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31 Mar 2020, 6:40 am
  Harlow Giles Unger, a renowned biographer of the Founding Fathers, looks at the Paine we know and the one we don’t, in his telling of the story of a man who pursued Enlightenment ideals even when those ideals ran afoul of what was socially acceptable.Site Feed [read post]
9 Feb 2019, 12:01 am by rhapsodyinbooks
As historian Harlow Giles Unger in his biography John Quincy Adams has written: Calling themselves Democrats, the new party [of Jackson followers] set out from the first to cripple John Quincy’s administration and ensure his departure after one term. [read post]
9 Feb 2019, 12:01 am by rhapsodyinbooks
As historian Harlow Giles Unger in his biography John Quincy Adams has written: Calling themselves Democrats, the new party [of Jackson followers] set out from the first to cripple John Quincy’s administration and ensure his departure after one term. [read post]
24 Jan 2019, 12:01 am by rhapsodyinbooks
Historian Harlow Giles Unger seeks to redress this great injustice in a small but significant way by bringing his story to a contemporary American audience in the book Improbable Patriot. [read post]
24 Jan 2019, 12:01 am by rhapsodyinbooks
Historian Harlow Giles Unger seeks to redress this great injustice in a small but significant way by bringing his story to a contemporary American audience in the book Improbable Patriot. [read post]
16 Dec 2018, 12:01 am by rhapsodyinbooks
As an example, Unger points out that at the time of the passage of the inflammatory Molasses Act of 1733, rum was New England’s most popular drink. [read post]
16 Dec 2018, 12:01 am by rhapsodyinbooks
As an example, Unger points out that at the time of the passage of the inflammatory Molasses Act of 1733, rum was New England’s most popular drink. [read post]
1 Mar 2018, 12:01 am by rhapsodyinbooks
Unger seeks to redress this great injustice in a small but significant way by bringing his story to a contemporary American audience. [read post]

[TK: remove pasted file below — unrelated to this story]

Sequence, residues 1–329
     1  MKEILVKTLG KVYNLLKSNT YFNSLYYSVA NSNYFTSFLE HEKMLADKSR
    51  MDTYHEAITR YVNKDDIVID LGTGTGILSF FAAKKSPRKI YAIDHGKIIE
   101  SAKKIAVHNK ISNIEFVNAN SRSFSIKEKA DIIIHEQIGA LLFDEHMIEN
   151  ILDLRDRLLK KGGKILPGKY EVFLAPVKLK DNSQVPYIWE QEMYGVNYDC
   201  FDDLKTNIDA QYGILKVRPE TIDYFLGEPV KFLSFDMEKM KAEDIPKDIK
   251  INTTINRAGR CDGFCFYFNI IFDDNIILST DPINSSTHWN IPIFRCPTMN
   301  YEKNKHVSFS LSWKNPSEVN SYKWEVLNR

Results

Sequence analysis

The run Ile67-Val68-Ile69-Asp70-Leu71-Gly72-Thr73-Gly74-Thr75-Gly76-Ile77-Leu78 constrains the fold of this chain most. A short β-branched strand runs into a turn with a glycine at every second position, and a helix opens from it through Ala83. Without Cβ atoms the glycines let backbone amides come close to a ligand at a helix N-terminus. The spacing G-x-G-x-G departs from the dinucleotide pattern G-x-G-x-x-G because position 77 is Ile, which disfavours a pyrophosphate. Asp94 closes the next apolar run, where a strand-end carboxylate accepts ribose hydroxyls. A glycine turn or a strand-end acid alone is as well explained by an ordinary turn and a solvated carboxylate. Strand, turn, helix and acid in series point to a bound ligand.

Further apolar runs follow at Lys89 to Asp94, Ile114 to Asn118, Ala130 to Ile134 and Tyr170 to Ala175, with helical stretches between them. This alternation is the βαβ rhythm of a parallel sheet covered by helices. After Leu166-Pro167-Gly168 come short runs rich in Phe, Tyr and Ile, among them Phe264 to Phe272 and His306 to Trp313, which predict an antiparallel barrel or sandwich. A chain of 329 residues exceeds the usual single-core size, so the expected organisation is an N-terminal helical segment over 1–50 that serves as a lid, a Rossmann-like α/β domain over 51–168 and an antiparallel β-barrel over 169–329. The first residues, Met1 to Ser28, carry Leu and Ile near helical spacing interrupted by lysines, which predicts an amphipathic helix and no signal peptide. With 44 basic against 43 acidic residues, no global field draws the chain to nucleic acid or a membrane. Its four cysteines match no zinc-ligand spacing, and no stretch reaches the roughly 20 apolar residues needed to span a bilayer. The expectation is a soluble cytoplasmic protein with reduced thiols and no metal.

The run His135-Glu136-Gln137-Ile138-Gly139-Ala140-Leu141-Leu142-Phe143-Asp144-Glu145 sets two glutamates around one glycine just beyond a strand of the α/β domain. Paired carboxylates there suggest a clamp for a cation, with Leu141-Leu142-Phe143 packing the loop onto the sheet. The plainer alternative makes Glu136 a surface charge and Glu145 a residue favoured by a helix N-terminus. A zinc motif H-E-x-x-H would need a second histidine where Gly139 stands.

1 Mar 2018, 12:01 am by rhapsodyinbooks
Unger seeks to redress this great injustice in a small but significant way by bringing his story to a contemporary American audience. [read post]
24 Sep 2017, 1:01 am by rhapsodyinbooks
In the excellent book John Marshall: The Chief Justice Who Saved The Union by Harlow Giles Unger, Unger takes the interesting approach of illuminating the contributions of John Marshall to the protection and preservation of the Constitution by describing the many ways in which Thomas Jefferson sought to subvert it. [read post]
24 Sep 2017, 1:01 am by rhapsodyinbooks
In the excellent book John Marshall: The Chief Justice Who Saved The Union by Harlow Giles Unger, Unger takes the interesting approach of illuminating the contributions of John Marshall to the protection and preservation of the Constitution by describing the many ways in which Thomas Jefferson sought to subvert it. [read post]
3 Nov 2016, 1:01 am by rhapsodyinbooks
Unger does an excellent job, as usual, in making this biography readable and consistently interesting. [read post]
3 Nov 2016, 1:01 am by rhapsodyinbooks
Unger does an excellent job, as usual, in making this biography readable and consistently interesting. [read post]
6 Jul 2016, 1:01 am by rhapsodyinbooks
As Harlow Giles Unger noted of the output of the Court in his biography of Marshall: Many formed the foundation of American constitutional law. [read post]
6 Jul 2016, 1:01 am by rhapsodyinbooks
As Harlow Giles Unger noted of the output of the Court in his biography of Marshall: Many formed the foundation of American constitutional law. [read post]
17 Dec 2015, 7:13 am by Joshua Pluta
First, I’m going to finish the biography Lafayette by Harlow Giles Unger. [read post]
17 Feb 2015, 12:01 am by rhapsodyinbooks
As historian Harlow Giles Unger wrote, in American Tempest: …many were ready to sacrifice their honor as human beings – and the blood of innocents – by disguising their struggle for wealth as a quest for liberty for the common man. [read post]
17 Feb 2015, 12:01 am by rhapsodyinbooks
As historian Harlow Giles Unger wrote, in American Tempest: …many were ready to sacrifice their honor as human beings – and the blood of innocents – by disguising their struggle for wealth as a quest for liberty for the common man. [read post]